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High Concepts

Momentum, Disorientation, and Moving Forward

By Sponsored Artist Andrea Cerniglia of Dropshift Dance


“Imposter/Contained” Photo credit Roberto Martinez.

It was an extraordinarily busy May. Not only had I been working in the HCL studios with fellow dropshift dancer, Julie Brannen, developing a new duet to be premiered with Luke Gullickson‘s musical work Open, but I had been in the final stages of production for dropshift’s recent evening length production, Imposter/Contained. Both of these processes had been moving alongside one another since February, and I am amazed that I was able to keep my brain in each one in a very compartmentalized way.

In the fall of 2014, Luke and I began discussing the possibility of working collaboratively. Luke proposed that his new work Open for piano and viola needed something more for a performance than just the musicians playing the score. He felt that it needed movement to bring the score to life. The subtleties of the composition and the specificity of the sound was exciting and daunting as I began to conceptualize how to make this happen with my movement composition. 

Inevitably, timelines stretch long and I found myself working on these two hearty projects simultaneously. This was wonderful and challenging. Each work is very different; the process of each defines it to be so. In Imposter/Contained, a work that I have been developing since March 2014, there were many other elements involved besides dance and musical score. There was a physical set and installation elements including durational movement sequence and a plethora of vibrant video projections. With Open, I did not have the luxury of hours and hours of investigation: our process was very streamlined. I began work on the duet in March, and set a deadline of early May to have it finished. In previous posts, I described my goals to truncate process and focus on clear decision making while in creation. 

The plan was as follows:

1. Make work with each visit to the studio
2.  Employ minimal edits once material was created.

This is easier said than done; however, I was determined to hold myself accountable for the task that I had set.


“Imposter/Contained” Photo credit Roberto Martinez.

Although it was challenging and the scheduling of creative work this spring was daunting, I am pleased that I held myself to this task. My process drew on a variety of inspirational elements. I never composed directly from the music; but rather early in the process I spent a great deal of time outside of the studio listening to the score. I listened, I wrote, I took breaks, and then returned. This allowed me to create images and characterizations that correlated to parts of the musical score before my own creative process began. The embodied piece was about physically living within the world that the score created. I used images of dark and light, cool and warm, strength and delicacy, and so on; I find that this is how I create best. There needs to be a clear environment in order to direct the movement and the character within that movement. I am never interested in telling the audience exactly who we are or what they should see, but there is always a clear image for us as performers. This creates a frame, a lens, a clear intention. Because of the abstract nature of the work, I then challenge audience members to use their lens and experience to pull images from what they see before them.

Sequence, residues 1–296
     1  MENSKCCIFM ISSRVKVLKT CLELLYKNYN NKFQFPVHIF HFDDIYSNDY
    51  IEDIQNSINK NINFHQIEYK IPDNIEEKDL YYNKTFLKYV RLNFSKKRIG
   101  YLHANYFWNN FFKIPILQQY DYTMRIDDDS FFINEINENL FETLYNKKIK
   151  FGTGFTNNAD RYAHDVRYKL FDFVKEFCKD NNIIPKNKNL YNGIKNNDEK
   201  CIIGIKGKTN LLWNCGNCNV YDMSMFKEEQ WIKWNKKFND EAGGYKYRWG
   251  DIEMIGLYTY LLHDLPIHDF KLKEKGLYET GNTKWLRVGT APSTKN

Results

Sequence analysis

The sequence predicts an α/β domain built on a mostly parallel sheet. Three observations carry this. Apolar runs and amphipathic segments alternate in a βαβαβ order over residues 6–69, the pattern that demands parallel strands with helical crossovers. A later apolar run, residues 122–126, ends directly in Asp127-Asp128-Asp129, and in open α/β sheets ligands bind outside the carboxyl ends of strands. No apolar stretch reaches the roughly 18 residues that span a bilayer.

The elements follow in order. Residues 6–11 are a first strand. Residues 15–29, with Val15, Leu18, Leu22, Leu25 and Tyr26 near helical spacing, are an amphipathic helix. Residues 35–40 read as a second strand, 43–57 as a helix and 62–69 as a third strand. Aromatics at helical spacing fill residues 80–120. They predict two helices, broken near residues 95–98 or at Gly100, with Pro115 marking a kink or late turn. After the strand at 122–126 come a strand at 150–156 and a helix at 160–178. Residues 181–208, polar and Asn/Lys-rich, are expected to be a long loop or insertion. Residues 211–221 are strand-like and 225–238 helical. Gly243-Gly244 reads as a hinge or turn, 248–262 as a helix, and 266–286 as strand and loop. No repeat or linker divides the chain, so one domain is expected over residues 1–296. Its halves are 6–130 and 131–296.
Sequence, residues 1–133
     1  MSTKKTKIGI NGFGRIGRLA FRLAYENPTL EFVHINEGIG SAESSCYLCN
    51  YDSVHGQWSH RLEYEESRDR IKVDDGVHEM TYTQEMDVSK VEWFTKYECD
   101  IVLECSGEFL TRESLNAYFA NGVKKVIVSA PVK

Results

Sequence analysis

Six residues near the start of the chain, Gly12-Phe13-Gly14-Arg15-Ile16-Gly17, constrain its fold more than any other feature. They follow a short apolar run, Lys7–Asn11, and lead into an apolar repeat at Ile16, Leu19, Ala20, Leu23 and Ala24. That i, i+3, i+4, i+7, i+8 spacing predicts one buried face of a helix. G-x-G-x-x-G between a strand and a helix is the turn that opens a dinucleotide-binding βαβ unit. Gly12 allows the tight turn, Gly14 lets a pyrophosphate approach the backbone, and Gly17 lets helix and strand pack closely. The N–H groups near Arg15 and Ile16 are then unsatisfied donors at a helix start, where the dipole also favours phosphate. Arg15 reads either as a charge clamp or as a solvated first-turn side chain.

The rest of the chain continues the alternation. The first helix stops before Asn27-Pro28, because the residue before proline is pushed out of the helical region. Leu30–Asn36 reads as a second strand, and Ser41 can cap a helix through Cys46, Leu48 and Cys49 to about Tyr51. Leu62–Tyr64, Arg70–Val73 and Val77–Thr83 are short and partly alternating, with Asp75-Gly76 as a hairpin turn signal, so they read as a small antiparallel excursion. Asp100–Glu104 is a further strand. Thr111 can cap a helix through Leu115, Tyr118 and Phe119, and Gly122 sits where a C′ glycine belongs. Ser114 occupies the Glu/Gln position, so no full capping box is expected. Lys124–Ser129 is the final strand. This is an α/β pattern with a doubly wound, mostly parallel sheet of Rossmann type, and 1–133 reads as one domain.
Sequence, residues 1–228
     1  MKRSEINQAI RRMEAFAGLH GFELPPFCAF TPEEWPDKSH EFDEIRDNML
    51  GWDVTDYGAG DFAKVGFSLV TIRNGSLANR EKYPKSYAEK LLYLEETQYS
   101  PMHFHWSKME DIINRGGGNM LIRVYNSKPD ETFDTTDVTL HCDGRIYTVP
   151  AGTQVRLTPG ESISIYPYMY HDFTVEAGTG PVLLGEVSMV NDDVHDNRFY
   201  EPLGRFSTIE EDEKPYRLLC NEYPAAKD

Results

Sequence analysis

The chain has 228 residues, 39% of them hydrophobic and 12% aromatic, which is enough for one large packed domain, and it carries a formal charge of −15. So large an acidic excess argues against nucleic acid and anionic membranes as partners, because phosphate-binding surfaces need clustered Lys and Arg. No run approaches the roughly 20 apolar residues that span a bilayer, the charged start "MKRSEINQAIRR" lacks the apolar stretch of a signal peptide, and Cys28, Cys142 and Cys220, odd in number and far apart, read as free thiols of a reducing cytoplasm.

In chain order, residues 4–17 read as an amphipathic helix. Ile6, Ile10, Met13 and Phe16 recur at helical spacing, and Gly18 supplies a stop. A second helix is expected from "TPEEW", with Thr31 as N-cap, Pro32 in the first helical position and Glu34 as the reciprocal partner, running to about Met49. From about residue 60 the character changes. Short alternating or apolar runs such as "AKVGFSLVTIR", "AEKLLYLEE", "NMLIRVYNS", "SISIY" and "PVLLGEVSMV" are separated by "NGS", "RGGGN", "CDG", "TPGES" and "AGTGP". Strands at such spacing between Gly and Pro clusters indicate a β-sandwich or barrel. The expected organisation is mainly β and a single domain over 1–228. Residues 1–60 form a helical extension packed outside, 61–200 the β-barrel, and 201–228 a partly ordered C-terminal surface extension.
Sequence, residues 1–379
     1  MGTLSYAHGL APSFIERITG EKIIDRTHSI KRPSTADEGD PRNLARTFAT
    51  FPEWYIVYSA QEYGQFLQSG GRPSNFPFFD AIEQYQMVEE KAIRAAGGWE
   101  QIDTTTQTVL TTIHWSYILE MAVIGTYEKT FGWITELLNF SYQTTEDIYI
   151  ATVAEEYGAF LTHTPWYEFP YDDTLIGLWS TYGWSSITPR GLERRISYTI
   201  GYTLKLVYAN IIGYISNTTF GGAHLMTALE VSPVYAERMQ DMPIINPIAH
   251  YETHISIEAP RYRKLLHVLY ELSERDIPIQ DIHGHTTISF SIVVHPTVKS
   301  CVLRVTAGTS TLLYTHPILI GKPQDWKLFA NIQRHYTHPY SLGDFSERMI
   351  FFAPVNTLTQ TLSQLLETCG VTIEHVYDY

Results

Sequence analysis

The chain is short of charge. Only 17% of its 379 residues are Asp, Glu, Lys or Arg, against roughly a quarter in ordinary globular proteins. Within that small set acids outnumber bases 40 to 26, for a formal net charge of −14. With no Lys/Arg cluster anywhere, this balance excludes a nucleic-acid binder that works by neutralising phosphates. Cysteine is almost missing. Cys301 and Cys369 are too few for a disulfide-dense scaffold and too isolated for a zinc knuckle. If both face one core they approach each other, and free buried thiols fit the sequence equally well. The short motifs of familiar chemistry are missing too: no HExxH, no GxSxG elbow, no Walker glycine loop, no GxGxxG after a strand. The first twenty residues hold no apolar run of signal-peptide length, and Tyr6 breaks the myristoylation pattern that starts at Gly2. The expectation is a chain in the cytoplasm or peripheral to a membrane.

After the recent premiere of Imposter/Contained, I had a long discussion with an audience member who was fairly new to the experience of abstract movement/installation.  He challenged me by saying things like, “Isn’t it dangerous for you as an artist to not tell the audience exactly where you stand?  Shouldn’t you provide the audience with information about what you are trying to say?”  I talked with him for quite a long time and responded to basically say: As soon as I define exactly what I am saying, the work is dead. It can no longer be interpreted through your lens. The possibilities for it to be free are over. Of course, I provide some kind of frame for audience; however, I do not provide a narrative. 

The work that I create is not about telling one specific story. It is about clearly defining an environment in which the performers exist and creating a palette of movement that belongs within that world. Audience members are invited to step into this world; but it may be disorienting.  And that is okay.  Sometimes we have to go along for the ride first, be in the moment, and figure it out later!

Open receives its world premiere next week at High Concept Labs.

Open by Dropship Dance and Luke Gullickson
Wednesday, June 10, 2015
8 PM /  $10
High Concept Labs
2233 S Thoop St, Chicago, IL



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This is the HCL blog.

This blog is a source for our associated artists and audiences to share the experience of the creative process. Here you will find news, pictures, and video's of the new work created at HCL.

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